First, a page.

(RFE/FL) – The United States does not object to Armenia’s plans to step up economic cooperation with neighboring Iran following the lifting of international sanctions against Tehran, U.S. Ambassador to Armenia Richard Mills said on Friday.
“Armenia has the sovereign right to pursue strong, mutually beneficial relations with as many nations as it wishes,” Ambassador Mills wrote to RFE/RL’s Armenian service (Azatutyun.am).
“With respect to Iran, the U.S. Government gratefully acknowledges the part Armenia played in making possible the diplomatic engagement that led to the Joint Comprehensive Plan of Action, by fully respecting the international community’s sanctions on Iran over the years, even when that effort came at some cost to Armenia and its economy,” he said, referring to Iran’s nuclear deal with the U.S. and other world powers.
“With the advent of Implementation Day on January 16, it is natural for Armenia to start thinking about the impact that the lifting of sanctions might have on its political and economic ties with Iran,” added Ambassador Mills.
In response to whether the U.S. believes closer ties with Iran could help to ease Armenia’s heavy dependence on Russia for energy resources, Ambassador Mills said: “We have long encouraged Armenia to diversify its energy supply, including exploring opportunities for alternative/renewable sources and greater regional integration, for the sake of greater energy efficiency and to avoid over-dependence on any one party or source.”
Armenia was quick to welcome the July 2015 agreement on Iran’s controversial nuclear program and the resulting sanctions relief. Senior Armenian officials have said the landmark deal will speed up the implementation of Armenian-Iranian energy projects regarded as strategically important by Yerevan.
President Serzh Sarkisian and his Iranian counterpart Hassan Rouhani discussed the new opportunities for boosting Armenian-Iranian commercial ties in a phone call late last month.
The two neighboring states already signed in August last year a final agreement on the construction of a new power transmission line, which is due to significantly boost exports of Armenian electricity to Iran.
Yerevan hopes that greater oil revenues and the unfreezing of its assets in the U.S. and Europe will also enable Iran to finance the construction of a major hydroelectric plant on the Armenian-Iranian border. The $350 million project has for years been stalled due to a lack of funding and serious restrictions on Armenian banking operations with Iran.
Photo Caption: U.S. Ambassador Richard Mills addresses the American Chamber of Commerce in Armenia, Yerevan, November 10, 2015.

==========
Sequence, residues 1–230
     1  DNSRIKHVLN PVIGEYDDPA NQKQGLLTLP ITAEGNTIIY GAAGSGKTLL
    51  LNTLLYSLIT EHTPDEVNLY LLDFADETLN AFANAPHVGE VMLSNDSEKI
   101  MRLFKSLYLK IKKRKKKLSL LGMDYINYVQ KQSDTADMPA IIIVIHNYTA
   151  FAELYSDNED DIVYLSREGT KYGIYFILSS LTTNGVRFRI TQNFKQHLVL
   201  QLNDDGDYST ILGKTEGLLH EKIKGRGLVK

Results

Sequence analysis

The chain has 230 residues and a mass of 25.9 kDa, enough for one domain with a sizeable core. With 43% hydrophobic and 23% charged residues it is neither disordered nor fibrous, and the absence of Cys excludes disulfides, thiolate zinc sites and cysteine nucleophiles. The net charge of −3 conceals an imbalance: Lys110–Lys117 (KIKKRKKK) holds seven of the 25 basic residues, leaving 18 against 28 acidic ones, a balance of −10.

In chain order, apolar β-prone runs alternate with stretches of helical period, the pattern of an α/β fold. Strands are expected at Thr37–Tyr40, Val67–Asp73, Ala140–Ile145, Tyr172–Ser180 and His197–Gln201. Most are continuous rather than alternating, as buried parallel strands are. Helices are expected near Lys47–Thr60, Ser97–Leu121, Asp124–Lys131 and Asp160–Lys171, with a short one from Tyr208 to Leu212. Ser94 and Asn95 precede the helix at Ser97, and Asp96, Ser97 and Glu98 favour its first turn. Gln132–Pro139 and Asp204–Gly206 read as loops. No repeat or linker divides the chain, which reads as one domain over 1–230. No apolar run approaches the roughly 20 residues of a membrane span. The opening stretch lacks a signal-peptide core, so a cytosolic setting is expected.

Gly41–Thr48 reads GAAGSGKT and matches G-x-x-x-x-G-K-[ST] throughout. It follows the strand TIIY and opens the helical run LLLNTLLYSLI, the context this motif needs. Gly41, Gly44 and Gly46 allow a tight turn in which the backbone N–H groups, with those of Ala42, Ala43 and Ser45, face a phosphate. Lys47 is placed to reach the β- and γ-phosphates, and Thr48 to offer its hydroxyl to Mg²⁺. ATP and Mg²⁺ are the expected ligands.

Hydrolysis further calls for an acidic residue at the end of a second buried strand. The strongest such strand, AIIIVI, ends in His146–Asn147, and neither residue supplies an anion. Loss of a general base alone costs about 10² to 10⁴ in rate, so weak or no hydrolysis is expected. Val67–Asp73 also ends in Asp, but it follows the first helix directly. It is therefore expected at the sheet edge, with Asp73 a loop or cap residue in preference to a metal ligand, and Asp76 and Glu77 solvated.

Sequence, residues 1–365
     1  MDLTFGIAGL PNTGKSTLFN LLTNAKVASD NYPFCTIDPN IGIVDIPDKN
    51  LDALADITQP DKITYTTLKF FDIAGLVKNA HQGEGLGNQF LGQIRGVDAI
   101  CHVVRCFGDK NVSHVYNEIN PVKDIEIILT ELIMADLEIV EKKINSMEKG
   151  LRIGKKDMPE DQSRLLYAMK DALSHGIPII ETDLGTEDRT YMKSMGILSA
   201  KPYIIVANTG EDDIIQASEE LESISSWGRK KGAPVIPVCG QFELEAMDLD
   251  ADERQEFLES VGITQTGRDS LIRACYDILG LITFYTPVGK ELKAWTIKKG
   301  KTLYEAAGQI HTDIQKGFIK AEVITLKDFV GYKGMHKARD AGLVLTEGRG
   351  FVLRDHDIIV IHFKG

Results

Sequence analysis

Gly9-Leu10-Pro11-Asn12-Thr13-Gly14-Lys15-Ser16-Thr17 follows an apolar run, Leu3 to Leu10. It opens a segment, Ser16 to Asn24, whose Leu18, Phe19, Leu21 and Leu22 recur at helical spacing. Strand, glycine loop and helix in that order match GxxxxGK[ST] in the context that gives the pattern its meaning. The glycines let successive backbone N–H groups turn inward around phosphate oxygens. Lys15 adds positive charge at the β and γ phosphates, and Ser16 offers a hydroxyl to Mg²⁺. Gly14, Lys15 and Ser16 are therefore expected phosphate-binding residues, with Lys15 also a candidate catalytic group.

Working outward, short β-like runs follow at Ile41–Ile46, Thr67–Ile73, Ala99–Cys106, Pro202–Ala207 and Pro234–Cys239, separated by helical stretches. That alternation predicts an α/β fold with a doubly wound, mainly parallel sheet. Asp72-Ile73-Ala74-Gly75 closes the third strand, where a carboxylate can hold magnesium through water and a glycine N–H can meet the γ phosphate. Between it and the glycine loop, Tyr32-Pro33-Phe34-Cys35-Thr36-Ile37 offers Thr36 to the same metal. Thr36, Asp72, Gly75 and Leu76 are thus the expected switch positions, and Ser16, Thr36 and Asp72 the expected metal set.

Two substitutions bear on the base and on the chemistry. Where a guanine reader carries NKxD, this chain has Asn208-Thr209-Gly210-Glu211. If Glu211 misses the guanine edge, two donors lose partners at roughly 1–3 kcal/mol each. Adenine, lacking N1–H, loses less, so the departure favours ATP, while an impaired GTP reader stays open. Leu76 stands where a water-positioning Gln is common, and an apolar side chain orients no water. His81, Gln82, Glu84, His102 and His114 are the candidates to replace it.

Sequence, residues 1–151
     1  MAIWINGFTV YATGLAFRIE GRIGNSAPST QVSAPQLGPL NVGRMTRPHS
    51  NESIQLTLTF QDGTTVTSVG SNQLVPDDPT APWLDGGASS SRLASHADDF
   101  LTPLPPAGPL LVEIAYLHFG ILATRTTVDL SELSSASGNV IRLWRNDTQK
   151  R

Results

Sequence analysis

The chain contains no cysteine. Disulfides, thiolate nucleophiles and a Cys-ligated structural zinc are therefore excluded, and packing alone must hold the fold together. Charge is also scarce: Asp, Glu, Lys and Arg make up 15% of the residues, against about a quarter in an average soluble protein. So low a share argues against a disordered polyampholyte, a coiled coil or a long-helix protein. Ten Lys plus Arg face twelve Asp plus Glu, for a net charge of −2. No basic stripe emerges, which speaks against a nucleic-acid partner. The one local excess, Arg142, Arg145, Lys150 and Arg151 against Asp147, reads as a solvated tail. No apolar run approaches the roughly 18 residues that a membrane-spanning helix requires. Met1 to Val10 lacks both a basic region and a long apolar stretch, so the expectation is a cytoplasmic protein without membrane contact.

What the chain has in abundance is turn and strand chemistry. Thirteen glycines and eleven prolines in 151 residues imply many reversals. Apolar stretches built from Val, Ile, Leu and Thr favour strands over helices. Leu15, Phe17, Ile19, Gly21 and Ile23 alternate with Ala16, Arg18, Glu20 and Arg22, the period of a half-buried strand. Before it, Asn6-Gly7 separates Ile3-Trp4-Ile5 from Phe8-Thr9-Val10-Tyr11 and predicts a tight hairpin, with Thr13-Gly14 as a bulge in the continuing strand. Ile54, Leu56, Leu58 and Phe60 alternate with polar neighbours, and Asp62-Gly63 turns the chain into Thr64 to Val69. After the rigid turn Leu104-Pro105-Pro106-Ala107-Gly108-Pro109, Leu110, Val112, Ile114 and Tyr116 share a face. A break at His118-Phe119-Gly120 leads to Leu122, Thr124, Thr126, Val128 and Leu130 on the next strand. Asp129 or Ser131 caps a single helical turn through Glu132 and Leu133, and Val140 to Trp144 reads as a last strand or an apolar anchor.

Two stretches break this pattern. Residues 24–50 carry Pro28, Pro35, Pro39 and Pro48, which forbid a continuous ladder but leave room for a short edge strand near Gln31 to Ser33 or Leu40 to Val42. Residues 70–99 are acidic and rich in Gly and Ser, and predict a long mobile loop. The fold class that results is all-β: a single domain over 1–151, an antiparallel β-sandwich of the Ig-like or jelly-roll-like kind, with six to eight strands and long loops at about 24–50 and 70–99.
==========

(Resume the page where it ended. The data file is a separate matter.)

Last week, Azerbaijan was again the focus of a U.S. foreign policy discussion. On July 1st, the Atlantic Council hosted a forum in Washington D.C. entitled, “NATO in the Caucasus: The Case of Azerbaijan.” Moderated by Mr. David Koranyi, the Deputy Director of the Atlantic Council’s Dinu Patriciu Eurasia Center, the panel featured influential analysts who cover this strategic region. These included Ambassador Khazar Ibrahim, the head of the Azerbaijani mission to NATO, Mr. Eric Ruben, the Deputy Assistant Secretary in the Bureau of European and Eurasian Affairs at the U.S. State Department, and Dr. Brenda Shaffer, a visiting researcher at Georgetown University. The forum was introduced by Frederick Kempe, the President and CEO of the Atlantic Council. Kempe mentioned in his opening address that the Atlantic Council is a “strong supporter for independent Azerbaijan,” while Ambassador Ibrahim praised that Atlantic Council for “promoting the agenda of Azerbaijan.”
The forum represented a new chapter in the public discussion on Azerbaijan and the wider region. It focused on U.S foreign policy in the South Caucasus, possible NATO expansion in Armenia, Azerbaijan and Moldova, and European energy security in general. Although NATO has had a footprint in the region since the dissolution of the Soviet Union, the increased expansion by NATO in the area is almost unprecedented and will have a major impact on the geopolitics of the wider region. This has become increasingly relevant, particularly in light of major examples of Russian aggression in Georgia in 2008, and Russia’s recent annexation of Crimea from Ukraine. The Caucasus, due to its strategic location, has always fallen under the firm influence of larger powers, such as Russia, Iran and Turkey. Hence, the expansion of NATO in the region causes a direct challenge to Russian influence in the South Caucasus.